Looking for the Moon? It Rises at Dawn

Many stargazers enjoy the challengeof spotting the moon inthe evening twilight sky as soon aspossible after its dark new moon phase. Butthis month, moon lovers should rise at dawn instead, and search for the"oldmoon" just before it passes into the sun's glare and is not visible atall.

August is not a good month to huntfor the moon just afterits new moon phase. Just after the sun sets, the ecliptic is at a veryshallowangle to the horizon, so the moon is very low. This makes the moon veryhard tospot in the glow of twilight. During new moon, the moon is at a pointin itsorbit where it is between the Earth and the sun. Because of themechanics ofthe moon, at this time it usually rises and sets with the sun. [More: HowMoonPhases Work]

This graphicshows where to look to spot the moonbefore it hits new moon at 11:09 p.m. Eastern Daylight Time on Monday,Aug. 9.

The only time you can see the moonexactly at new moon ison the rare occasions when there is a solar eclipse, and the moon isvisible ?with no detail ? as a dark object blocking the sun. But because themoon'sorbit is tilted slightly with respect to the orbit of Earth around thesun,this only happens when the paths come into certainalignment. The most recent totalsolar eclipse occurred on July 11.

At other new moons, the moon passesabove or below thesun, and it is hidden from our view by the overwhelming glare of thesun.

The morning before the date of newmoon, Sunday Aug. 8, itshould be possible to catch a last glimpse of the "old moon" in thepre-dawn sky. The slender crescent moon will rise a little after 4 a.m.localtime, about two hours before sunrise at 6 a.m. The exact times willvarydepending on where you are located in your time zone.

Observing the eastern sky justbefore dawn also gives youthe jump on the season. The slim crescent moon will be surrounded bythe brilliantstars of winter, a full six months before they come to dominate ourwinterevening sky. This is because of the rotation of the Earth and itsorbitalmotion around the sun.

Just above and to the left of themoon are the famoustwins, Castor and Pollux, in the constellation Gemini. To the right ofthe moonis Orion with its pair of first magnitude stars, red Betelgeuse andwhiteRigel, along with Orion's Belt and Sword. Higher in the sky will bebrilliantCapella in Auriga and glowing red Aldebaran in Taurus. The latter issurroundedby the Hyades star cluster, while the more famous Pleiades star clusterrideshigher still.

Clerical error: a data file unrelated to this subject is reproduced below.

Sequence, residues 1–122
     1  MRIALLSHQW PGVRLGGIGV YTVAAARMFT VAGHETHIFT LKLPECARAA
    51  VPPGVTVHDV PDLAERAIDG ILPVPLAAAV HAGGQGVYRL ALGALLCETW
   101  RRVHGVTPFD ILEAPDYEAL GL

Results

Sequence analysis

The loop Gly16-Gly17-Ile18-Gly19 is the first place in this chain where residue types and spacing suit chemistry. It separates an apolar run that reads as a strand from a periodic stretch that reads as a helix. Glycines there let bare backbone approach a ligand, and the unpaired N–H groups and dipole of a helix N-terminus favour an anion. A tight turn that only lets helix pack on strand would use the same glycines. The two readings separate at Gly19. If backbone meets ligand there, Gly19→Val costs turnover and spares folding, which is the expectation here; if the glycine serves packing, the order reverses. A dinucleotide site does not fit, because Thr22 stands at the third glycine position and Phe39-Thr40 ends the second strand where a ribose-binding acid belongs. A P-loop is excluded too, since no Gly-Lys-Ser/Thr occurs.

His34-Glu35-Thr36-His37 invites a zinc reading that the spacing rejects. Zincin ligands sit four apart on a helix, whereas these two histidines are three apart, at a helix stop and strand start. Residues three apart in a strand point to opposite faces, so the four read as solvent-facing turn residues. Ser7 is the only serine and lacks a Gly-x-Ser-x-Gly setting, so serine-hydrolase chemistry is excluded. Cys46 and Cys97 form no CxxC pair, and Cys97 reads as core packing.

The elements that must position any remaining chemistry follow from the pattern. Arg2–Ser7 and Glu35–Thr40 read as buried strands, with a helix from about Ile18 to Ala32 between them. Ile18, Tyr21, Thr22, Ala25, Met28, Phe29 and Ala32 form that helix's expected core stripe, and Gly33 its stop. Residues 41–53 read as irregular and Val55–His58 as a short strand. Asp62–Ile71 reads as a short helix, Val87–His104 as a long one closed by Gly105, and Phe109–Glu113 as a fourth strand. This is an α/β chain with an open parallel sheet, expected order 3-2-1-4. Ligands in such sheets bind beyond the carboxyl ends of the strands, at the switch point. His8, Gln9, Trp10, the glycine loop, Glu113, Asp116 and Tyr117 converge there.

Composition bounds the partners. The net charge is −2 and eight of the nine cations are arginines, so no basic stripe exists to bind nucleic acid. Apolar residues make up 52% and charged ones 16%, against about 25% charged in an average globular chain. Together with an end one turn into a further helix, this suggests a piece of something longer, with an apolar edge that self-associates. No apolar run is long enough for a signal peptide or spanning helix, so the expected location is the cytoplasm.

All in all, a summer treat, seeinga rarephase of the moon and the "winter" sky in warm temperaturesfor achange. Worth getting up early to see.

Thisarticle was provided to SPACE.com by Starry NightEducation, theleader in space science curriculum solutions.

Join our Space Forums to keep talking space on the latest missions, night sky and more! And if you have a news tip, correction or comment, let us know at: community@space.com.

Geoff Gaherty
Starry Night Sky Columnist

Geoff Gaherty was Space.com's Night Sky columnist and in partnership with Starry Night software and a dedicated amateur astronomer who sought to share the wonders of the night sky with the world. Based in Canada, Geoff studied mathematics and physics at McGill University and earned a Ph.D. in anthropology from the University of Toronto, all while pursuing a passion for the night sky and serving as an astronomy communicator. He credited a partial solar eclipse observed in 1946 (at age 5) and his 1957 sighting of the Comet Arend-Roland as a teenager for sparking his interest in amateur astronomy. In 2008, Geoff won the Chant Medal from the Royal Astronomical Society of Canada, an award given to a Canadian amateur astronomer in recognition of their lifetime achievements. Sadly, Geoff passed away July 7, 2016 due to complications from a kidney transplant, but his legacy continues at Starry Night.